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Joe Piazza, Jr. v. Federal Bureau of Prisons Et. Al

April 12, 2011


The opinion of the court was delivered by: David O. Carter United States District Judge


Before the Court is a Motion for Recusal of Magistrate Judge Carla Woehrle filed by Plaintiff Joe Piazza Jr. ("Plaintiff") in the above-captioned case ("Motion for Recusal"). [Docket 110.] Pursuant to Local Rule 72-5, the request was referred to this Court for determination. The Court finds this matter to be appropriate for decision without oral argument. FED. R. CIV. P. 78;

Local Rule 7-15. After considering the moving papers, and for the reasons set forth below, the Court hereby DENIES Plaintiff's Motion for Recusal.


Plaintiff filed a civil rights complaint against Defendants the Federal Bureau of Prisons ("Bureau"), the United States of America ("United States"), Officer Landy Cleaver ("Cleaver") and Warden Linda Sanders ("Sanders") asserting claims under Bivens v. Six Unknown Named Agents, 403 U.S. 388 (1999) and the Federal Tort Claims Act.The case was referred to Magistrate Judge Carla Woehrle. [Docket 4.] In a motion filed on June 20, 2008, Sanders and the Bureau moved to dismiss Plaintiff's claims. [Docket 44.] Magistrate Judge Woehrle recommended that the motion to dismiss be granted. [Docket 72.] The Court adopted that recommendation on April 8, 2010, ordering all claims against Sanders and the Bureau dismissed. [Docket 80.] On August 31, 2010, Cleaver and the United States filed a motion for summary judgment. [Docket 90.] On December 27, 2010 Magistrate Judge Woehrle recommended that the motion for summary judgment be granted. [Docket 99.] The Court adopted Magistrate Judge Woehrle's recommendation on the motion for summary judgment and entered summary judgment in favor of these defendants on January 30, 2011. [Docket 101.] The Court further issued a Judgment on January 30, 2011, which read as follows:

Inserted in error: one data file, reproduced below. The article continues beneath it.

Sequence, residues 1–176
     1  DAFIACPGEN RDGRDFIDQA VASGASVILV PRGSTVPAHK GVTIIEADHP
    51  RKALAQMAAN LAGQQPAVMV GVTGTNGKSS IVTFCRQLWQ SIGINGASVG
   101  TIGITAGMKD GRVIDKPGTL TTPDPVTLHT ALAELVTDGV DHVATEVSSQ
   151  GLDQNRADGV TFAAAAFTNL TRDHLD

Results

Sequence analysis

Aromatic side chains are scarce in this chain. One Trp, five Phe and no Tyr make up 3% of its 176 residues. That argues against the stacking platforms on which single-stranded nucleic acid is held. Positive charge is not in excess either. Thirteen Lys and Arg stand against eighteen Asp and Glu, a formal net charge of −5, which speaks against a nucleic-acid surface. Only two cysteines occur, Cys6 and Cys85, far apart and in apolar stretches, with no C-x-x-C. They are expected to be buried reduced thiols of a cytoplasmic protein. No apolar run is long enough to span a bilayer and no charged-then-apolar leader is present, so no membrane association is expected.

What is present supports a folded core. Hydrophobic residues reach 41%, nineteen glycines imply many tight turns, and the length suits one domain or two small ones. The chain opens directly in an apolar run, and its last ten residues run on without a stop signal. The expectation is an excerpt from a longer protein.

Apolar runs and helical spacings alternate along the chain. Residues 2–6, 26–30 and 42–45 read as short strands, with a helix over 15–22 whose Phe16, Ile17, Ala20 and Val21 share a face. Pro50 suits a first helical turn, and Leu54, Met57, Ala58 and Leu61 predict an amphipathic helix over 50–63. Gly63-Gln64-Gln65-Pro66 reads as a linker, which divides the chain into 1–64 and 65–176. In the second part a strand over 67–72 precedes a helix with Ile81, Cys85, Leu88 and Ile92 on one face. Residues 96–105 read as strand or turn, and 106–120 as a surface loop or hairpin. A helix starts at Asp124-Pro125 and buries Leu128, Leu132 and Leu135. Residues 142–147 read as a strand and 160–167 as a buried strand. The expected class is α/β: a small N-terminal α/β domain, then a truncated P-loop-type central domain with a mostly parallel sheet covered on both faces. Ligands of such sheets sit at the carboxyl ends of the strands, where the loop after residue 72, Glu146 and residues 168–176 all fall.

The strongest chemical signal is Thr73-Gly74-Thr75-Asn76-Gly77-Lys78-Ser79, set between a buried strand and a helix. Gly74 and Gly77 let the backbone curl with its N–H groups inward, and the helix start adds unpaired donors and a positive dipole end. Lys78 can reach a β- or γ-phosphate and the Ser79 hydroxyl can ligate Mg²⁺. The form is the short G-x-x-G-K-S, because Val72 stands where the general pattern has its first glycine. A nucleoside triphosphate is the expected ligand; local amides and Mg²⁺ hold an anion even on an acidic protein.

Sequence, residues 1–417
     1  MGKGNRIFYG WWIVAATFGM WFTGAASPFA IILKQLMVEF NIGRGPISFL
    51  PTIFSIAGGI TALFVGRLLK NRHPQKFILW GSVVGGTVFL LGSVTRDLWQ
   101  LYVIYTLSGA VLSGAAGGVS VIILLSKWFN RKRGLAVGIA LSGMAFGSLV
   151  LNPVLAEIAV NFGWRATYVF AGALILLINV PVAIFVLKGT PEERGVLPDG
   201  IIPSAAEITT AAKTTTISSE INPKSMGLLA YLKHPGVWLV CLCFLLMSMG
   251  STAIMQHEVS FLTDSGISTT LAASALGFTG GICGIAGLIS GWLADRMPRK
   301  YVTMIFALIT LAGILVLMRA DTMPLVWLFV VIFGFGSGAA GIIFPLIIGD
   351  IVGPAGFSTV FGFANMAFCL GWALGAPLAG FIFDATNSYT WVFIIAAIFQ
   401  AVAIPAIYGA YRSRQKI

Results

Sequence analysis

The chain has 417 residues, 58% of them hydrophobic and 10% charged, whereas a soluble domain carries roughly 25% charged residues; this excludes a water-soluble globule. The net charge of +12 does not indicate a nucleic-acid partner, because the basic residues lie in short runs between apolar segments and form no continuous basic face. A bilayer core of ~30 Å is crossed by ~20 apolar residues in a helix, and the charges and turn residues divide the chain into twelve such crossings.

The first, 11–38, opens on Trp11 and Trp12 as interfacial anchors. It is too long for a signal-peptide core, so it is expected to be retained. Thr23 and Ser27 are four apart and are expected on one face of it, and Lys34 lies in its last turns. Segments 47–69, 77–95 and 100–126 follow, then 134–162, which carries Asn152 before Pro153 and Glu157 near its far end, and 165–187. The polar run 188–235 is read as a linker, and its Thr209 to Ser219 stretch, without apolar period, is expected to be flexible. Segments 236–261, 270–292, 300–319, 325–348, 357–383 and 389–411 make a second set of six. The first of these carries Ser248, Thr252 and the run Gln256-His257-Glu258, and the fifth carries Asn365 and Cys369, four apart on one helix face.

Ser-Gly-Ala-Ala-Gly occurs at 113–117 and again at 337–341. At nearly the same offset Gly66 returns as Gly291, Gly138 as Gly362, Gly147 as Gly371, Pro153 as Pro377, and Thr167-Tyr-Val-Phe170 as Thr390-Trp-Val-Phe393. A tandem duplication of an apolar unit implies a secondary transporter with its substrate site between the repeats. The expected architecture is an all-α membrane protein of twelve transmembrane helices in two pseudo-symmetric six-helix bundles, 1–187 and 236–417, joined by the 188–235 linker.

IT IS ADJUDGED that summary judgmnet is hereby granted in favor of Defendants Cleaver and the United States; and that this action is dismissed, for lack of subject-matter jurisdiction, with respect to Defendants Federal Bureau of Prisons and Warden Sanders in an official capacity. [Docket 102.] With the filing of this Judgment, Plaintiff's case was closed.

On March 16, 2011, Plaintiff filed a Motion to Retax Costs, where he argued that the Clerk erred in awarding a Bill of Costs to Defendants because, in Plaintiff's view, his case was not yet closed. [Docket 108.] The Court denied Plaintiff's Motion to Retax Costs on April 5, 2011, explaining that the Judgment entered on January 30, 2011 had closed Plaintiff's case.

In the instant Motion for Recusal, Plaintiff advances many of the same arguments that he did in the Motion to Retax Costs. Specifically, Plaintiff argues that Magistrate Judge Woehrle issued a "fraudulent order" on February 23, 2011, when Magistrate Judge Woehrle refused to allow Plaintiff to file a motion entitled "Notice of Motion / Objection Due Process Violation: Case is not closed, there is a misinterpretation of the District Court's order" ("February 23 Order"). [Docket 107.] In her February 23 Order rejecting the motion, Magistrate Judge Woehrle explained that Plaintiff's "action was closed by Judgment entered January 31, 2011." [Id.] Plaintiff contends that Magistrate Judge Woehrle's February 23 Order indicates that Magistrate Judge Woehrle is biased.


Section 455 provides that a federal judge shall "disqualify himself in any proceeding in which his impartiality might reasonably be questioned." 28 U.S.C. § 455(a). The section is subject to an objective standard and recusal is appropriate when a knowledgeable member of the public would reasonably question the judge's impartiality. In re Boston's Children First, 244 F.3d 164, 167 (1st Cir. 2001). In addition, under 28 U.S.C. § 455(b), a judge shall disqualify himself or herself "[w]here he [or she] has a personal bias or prejudice concerning a party, or personal knowledge of disputed evidentiary facts concerning the proceeding." 28 U.S.C. § 455(b)(1).


Plaintiff's Motion for Recusal must be denied. Magistrate Judge Woehrle's impartiality cannot reasonably be questioned. In fact, Magistrate Judge Woehrle's remarks in her February 23 Order are entirely correct. As the Court explained in its Order Denying Plaintiff's Motion to Retax Costs, Judgment was entered and Plaintiff's case was closed on January 31, 2011. [See Docket 109.]


In light of the above, Plaintiff's Motion for ...

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